Foam core. This is an acid-free and conservation friendly backing alternative to cardstock. This is light but strong enough to hold the photo.

Frame size. When buying a picture frame online and choosing a frame based on frame size, remember that this refers to the frame’s inside opening and not the outer edges of the frame. When computing for the right frame size, consider the largest opening you will need to reveal the photo or the outermost matting, if any. To illustrate, a 6 x 8-inch photo that has matting with a 2-inch width will need an 8 x 10-inch frame size.

Glazing. This is the transparent layer of glass or acrylic that covers the top of the picture. The glazing serves to protect the photo against the elements. Glazing can also UV protection and anti-glare capabilities.

Gilding. A picture frame’s look can be further enhanced by adding a layer of gold or silver powder or leaf (very thin, flat sheets) on the layer of the frame’s molding.

Hinging. This is one way of attaching a photo on to the mounting board. This involves the use of adhesive strips or tape in a way that the tape is not visible and the photo hangs free to expand and contract as it reacts to humidity and temperature.

Jersey frame. This is a specialized display case that is designed to showcase a sports jersey.

Lignin. Commonly found in printing papers, this polymer is derived from wood. Over time, the lignin in paper can form acids. If there is a photograph in contact with a paper that contains lignin, the acids will cause damage to the photo.

Lip. This refers to the picture frame’s inner edge. The lip prevents the glazing and other components of the frame from falling out. The lip also serves to hide the rabbet. The lip can be beveled or ornamented.

Matting. This layer of board comes with a frame opening that offers the viewer a “frame within a frame”. The matting board also works to keep the photo from coming into contact with the glass.

Molding. This comprises the visible and decorative part of the picture frame. The molding also holds the basic structure of the frame.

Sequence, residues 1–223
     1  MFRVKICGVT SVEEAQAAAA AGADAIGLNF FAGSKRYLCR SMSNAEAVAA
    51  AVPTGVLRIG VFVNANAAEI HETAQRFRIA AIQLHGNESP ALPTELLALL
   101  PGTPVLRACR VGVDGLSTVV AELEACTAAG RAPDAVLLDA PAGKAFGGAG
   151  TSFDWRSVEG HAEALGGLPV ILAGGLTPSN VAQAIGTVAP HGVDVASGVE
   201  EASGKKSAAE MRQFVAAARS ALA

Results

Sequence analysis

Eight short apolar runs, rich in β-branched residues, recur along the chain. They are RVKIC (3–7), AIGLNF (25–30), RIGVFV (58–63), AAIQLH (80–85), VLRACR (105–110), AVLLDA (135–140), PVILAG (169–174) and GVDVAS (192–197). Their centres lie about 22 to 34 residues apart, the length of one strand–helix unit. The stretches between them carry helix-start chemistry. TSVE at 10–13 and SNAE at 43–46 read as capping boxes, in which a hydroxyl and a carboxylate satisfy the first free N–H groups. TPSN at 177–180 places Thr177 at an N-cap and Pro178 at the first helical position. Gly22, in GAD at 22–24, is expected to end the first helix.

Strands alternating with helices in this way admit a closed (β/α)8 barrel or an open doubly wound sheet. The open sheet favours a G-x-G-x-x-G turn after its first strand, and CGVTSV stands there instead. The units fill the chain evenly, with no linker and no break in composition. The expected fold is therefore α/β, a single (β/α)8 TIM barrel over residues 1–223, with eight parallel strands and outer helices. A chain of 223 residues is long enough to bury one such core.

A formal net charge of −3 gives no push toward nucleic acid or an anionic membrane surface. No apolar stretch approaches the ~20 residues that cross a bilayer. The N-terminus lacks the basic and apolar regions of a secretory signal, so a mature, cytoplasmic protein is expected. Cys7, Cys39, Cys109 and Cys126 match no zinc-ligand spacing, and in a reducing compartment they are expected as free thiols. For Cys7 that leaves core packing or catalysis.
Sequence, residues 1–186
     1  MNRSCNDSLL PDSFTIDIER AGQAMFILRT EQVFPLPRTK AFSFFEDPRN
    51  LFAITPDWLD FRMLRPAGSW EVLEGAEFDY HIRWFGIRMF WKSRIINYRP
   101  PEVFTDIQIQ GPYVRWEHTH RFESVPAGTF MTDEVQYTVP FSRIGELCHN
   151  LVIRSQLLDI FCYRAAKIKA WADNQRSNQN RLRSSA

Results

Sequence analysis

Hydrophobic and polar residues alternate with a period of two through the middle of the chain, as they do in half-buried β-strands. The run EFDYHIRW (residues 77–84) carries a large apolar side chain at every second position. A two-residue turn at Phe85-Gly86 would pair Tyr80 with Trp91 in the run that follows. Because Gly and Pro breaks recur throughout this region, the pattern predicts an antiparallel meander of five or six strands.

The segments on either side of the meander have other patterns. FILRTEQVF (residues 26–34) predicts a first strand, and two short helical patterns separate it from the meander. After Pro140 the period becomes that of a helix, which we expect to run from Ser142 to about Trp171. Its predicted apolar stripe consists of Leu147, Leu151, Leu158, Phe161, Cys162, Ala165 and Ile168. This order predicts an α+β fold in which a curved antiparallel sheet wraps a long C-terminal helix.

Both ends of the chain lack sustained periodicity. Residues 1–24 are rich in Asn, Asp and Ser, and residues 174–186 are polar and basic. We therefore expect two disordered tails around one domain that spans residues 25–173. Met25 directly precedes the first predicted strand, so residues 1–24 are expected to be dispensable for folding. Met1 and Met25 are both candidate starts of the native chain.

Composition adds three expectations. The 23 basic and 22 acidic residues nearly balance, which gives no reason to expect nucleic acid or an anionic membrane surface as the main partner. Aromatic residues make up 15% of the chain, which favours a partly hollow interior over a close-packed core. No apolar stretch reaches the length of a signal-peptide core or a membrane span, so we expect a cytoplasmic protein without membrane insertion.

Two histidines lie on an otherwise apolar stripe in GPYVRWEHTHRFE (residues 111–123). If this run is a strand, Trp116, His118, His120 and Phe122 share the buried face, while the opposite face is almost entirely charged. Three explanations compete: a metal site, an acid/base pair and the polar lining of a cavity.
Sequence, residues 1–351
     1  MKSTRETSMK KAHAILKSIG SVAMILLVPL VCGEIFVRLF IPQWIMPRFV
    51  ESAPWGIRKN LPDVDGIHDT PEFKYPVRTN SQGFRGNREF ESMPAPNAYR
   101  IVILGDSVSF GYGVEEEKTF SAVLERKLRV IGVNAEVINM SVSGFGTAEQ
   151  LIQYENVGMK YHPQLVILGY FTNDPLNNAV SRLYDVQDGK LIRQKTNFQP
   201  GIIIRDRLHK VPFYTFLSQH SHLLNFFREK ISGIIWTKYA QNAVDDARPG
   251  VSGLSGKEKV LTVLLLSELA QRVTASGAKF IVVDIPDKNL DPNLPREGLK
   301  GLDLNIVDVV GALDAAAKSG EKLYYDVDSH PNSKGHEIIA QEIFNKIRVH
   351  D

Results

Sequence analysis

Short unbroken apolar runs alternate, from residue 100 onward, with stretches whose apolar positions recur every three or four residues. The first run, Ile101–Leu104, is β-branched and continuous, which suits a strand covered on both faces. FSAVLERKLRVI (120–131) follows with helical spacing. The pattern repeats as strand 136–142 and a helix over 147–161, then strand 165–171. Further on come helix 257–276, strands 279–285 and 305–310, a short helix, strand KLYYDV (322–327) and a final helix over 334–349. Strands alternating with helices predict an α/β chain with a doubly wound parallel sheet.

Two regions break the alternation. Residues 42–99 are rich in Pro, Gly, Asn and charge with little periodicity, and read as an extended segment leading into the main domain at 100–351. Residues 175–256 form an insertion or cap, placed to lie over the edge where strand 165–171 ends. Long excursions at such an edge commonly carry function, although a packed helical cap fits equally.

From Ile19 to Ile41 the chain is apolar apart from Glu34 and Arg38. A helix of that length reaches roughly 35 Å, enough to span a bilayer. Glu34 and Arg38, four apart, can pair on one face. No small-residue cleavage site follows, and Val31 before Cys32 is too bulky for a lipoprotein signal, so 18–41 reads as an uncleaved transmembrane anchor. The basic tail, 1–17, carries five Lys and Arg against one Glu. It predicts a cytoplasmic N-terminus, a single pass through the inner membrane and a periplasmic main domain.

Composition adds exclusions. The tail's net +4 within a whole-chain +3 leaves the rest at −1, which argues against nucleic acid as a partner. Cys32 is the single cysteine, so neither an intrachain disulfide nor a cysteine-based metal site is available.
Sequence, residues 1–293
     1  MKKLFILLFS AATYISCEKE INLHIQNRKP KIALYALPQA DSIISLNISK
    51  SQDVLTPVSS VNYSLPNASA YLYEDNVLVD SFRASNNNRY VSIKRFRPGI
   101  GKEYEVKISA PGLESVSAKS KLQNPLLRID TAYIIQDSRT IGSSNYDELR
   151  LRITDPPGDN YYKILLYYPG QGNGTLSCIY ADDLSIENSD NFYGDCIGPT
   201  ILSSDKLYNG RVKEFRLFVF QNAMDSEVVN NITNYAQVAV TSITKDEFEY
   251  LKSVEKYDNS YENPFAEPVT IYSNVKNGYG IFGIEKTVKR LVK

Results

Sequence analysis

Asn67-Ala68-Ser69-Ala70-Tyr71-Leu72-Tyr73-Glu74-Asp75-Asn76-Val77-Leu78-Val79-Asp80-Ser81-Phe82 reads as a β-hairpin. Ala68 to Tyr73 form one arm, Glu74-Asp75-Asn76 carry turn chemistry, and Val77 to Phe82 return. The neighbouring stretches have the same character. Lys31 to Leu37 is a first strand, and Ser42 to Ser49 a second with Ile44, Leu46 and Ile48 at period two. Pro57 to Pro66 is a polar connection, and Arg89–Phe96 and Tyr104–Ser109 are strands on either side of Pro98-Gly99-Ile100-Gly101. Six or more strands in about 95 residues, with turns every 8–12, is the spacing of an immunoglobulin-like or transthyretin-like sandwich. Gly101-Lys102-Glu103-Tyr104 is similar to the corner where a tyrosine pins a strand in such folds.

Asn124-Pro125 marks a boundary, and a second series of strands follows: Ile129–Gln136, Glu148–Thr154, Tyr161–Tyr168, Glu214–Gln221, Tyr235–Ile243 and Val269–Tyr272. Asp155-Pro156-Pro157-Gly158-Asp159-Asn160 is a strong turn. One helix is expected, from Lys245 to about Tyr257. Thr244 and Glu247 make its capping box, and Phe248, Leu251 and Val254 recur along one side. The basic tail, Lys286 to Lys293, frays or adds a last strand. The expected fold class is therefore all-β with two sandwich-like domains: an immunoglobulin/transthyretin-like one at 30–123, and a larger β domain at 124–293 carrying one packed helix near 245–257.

Non-invasive mounting. This refers to any reversible process of attaching the photo to the mounting board. With this, a photo can be easily removed from the frame without damaging it. Some non-invasive mounting methods include the use of adhesive photo corners and hinging techniques.

Ornamentation. This refers to the decorations on the picture frame molding. Some examples of ornamentation are beading, medallions and flower-and-leaf designs.

Pressure-sensitive tape. This adhesive tape does not need chemicals or heat for it to stick to a surface. This only needs pressure applied by hand for the tape to adhere.

Rabbet. This is the space under the inner lip that holds the glazing, matting, picture, mounting board and backing. When purchasing a picture frame online, take note of the rabbet depth to ensure that all the components fit inside the frame.

Reverse molding. With this type of molding design, the inner lip has the highest part of the frame molding. This can add a sense of depth to the photo but care has to be given to ensure that the design does not detract from the photo.

Shadow box frame. This is a specialized display case, very similar to a picture frame but with an extra depth. With this, the frame can accommodate 3-dimensional items.

Spacer. These are thin and clear plastic strips that add some space between the photo and the glass. This is placed on the lips of the frame. The gap the spacers make enable any moisture that comes into the frame to dry out without causing any damage to the photo.

UV Rays. The sun’s (and even artificial light’s) ultraviolet rays can cause damage to the photo, causing the photo to become brittle and faded. To prevent this, choose a glazing with UV protection.

Weighting. To add more drama to matting, one can have a matting board with a bottom that is wider that the other three sides.